Judges, eyewitnesses, and jurors, like all humans, are subjective beings. What does this mean? It means that the structure of our established legal system places too much confidence in the idea that humans are capable of pure objectivity. It means that we need to implement reforms to compensate for the cognitive biases to which all human beings are subject. Scientists have ways of compensating for their subjectivity, such as the double-blind experimental design. There is no reason why such safeguards cannot be built into the legal system as well. Although reforms have been proposed, there is little agreement among psychologists as to what those reforms should be. And even if a consensus among psychologists is one day reached, legal professionals still have to take the research seriously enough to realize the need for reform. The divide between the law and science must be bridged. A conversation has already been started, but more professionals on both sides of the divide must become involved.

Philosophers also have a role to play in the improvement of our legal system. When someone testifies before a court, they must first swear to tell “the truth, the whole truth, and nothing but the truth.” In light of research on cognitive biases, can anyone in good conscience swear to tell the whole truth? How do we define truth in the first place? The study of truth belongs to epistemology, the branch of philosophy concerning the nature of knowledge. Yet, a “philosophical analysis of ‘knowledge’ would get you laughed out of court in most cases where it mattered.” Why is this the case? Why are legal professionals so confident that everyone knows what knowledge is, when there is disagreement among those whose job it is to decide such things?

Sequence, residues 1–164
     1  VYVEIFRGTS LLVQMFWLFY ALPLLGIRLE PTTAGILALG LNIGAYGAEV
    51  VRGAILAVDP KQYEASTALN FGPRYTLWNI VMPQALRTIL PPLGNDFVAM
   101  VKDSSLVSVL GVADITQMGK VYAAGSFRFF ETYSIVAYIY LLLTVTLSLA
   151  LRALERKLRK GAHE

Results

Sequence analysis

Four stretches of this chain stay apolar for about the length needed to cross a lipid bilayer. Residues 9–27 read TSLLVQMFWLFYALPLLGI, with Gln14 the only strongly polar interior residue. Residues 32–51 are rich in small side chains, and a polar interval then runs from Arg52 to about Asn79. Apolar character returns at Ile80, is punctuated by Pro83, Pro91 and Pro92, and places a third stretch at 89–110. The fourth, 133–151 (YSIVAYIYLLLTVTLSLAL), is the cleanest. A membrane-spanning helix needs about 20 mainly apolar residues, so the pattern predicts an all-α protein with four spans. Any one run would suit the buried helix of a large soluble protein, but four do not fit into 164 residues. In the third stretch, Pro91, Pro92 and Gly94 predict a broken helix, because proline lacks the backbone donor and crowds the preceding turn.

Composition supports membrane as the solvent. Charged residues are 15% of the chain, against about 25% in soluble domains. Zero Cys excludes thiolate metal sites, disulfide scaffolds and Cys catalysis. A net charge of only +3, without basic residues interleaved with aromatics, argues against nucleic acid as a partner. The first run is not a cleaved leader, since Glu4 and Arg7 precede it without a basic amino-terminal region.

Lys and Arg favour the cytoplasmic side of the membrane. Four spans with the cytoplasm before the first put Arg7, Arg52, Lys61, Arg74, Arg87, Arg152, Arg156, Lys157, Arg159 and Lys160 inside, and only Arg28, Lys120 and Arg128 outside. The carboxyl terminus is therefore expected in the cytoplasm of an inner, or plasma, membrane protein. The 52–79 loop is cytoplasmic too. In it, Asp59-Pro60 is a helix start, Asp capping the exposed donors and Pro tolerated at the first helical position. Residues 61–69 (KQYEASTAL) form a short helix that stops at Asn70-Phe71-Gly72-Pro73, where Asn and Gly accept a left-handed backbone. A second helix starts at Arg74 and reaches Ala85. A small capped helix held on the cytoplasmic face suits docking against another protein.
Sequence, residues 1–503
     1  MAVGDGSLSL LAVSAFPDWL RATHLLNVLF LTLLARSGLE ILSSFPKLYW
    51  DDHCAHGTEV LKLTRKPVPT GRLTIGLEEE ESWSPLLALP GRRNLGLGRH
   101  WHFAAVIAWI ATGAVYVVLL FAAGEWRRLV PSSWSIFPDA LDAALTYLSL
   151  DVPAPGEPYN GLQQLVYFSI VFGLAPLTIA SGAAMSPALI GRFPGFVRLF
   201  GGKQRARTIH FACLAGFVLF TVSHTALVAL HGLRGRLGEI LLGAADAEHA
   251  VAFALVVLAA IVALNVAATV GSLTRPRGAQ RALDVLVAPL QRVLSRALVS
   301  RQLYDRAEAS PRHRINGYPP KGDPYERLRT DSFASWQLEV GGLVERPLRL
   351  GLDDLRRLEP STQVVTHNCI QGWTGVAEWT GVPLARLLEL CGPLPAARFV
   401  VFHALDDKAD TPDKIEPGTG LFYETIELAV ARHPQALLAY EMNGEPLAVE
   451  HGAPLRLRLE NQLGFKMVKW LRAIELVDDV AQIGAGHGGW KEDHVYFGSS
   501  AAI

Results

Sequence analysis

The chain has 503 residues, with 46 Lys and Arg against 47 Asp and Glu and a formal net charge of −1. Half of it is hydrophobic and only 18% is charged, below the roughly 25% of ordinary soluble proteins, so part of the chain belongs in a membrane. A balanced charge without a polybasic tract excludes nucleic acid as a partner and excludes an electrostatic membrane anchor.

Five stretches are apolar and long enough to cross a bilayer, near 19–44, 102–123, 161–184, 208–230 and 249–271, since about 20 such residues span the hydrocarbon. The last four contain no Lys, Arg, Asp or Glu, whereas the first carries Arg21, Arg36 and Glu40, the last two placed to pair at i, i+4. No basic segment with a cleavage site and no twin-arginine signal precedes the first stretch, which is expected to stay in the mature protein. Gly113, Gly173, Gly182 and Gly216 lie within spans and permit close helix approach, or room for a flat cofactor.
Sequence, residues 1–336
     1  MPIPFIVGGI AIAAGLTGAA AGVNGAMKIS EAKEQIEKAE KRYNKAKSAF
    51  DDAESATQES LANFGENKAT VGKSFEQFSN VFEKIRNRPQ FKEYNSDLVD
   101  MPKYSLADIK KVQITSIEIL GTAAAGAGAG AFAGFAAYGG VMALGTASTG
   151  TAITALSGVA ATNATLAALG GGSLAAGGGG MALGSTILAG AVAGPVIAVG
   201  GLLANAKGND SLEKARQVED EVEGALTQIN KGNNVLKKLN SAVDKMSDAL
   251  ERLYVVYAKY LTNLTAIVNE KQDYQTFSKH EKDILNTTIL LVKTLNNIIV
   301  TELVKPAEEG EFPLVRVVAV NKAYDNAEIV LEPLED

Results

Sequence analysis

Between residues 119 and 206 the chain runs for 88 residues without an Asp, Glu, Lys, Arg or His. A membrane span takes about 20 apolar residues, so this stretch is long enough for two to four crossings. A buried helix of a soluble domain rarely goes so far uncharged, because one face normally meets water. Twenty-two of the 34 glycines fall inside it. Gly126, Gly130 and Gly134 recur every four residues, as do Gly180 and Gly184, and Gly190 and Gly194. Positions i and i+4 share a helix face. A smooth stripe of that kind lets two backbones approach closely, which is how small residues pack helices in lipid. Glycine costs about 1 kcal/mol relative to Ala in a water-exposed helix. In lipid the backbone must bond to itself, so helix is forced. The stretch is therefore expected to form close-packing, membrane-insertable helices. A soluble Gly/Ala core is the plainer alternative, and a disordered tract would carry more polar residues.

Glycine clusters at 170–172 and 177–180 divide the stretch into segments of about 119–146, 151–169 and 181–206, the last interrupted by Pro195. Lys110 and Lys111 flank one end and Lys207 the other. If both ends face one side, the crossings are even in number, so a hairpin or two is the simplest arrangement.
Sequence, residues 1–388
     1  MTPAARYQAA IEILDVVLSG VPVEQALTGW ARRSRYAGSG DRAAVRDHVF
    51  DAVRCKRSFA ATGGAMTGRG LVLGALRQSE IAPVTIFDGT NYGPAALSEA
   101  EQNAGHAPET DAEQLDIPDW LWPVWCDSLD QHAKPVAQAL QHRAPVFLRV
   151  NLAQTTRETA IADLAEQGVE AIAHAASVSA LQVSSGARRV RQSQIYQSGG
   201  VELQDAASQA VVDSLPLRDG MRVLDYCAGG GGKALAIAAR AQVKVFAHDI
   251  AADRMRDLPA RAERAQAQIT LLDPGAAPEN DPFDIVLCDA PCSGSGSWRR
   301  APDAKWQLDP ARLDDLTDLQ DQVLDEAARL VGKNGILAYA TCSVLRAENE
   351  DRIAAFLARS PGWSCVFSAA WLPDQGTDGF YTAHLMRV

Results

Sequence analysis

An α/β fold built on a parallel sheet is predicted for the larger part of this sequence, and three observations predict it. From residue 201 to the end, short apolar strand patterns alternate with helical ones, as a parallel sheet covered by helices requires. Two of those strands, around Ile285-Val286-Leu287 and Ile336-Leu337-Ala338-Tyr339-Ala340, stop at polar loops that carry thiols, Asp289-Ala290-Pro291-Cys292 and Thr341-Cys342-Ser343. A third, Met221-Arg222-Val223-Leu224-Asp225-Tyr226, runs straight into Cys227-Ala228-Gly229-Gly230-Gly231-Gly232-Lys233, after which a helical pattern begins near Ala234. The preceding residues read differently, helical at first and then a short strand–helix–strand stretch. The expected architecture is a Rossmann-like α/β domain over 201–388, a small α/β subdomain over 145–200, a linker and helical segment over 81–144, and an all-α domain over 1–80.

An unintended consequence of specialization is that professionals in one field tend to insulate themselves from valuable research in other fields. That’s why interdisciplinary ventures such as the Illinois Program on Law, Behavior, and Social Science are so vital. There must be more and more dialogue between legal professionals and professionals from fields like psychology and philosophy. Scientific discoveries should be used to improve human society – especially institutions of society as important as our legal system.

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Johnny Tisdale

Paralegal at Dowe Law Firm
Johnny Tisdale is a paralegal, web designer, and writer at the Dowe Law Firm. He earned his BS in psychology and ABA-approved paralegal certificate from Auburn University Montgomery in 2011.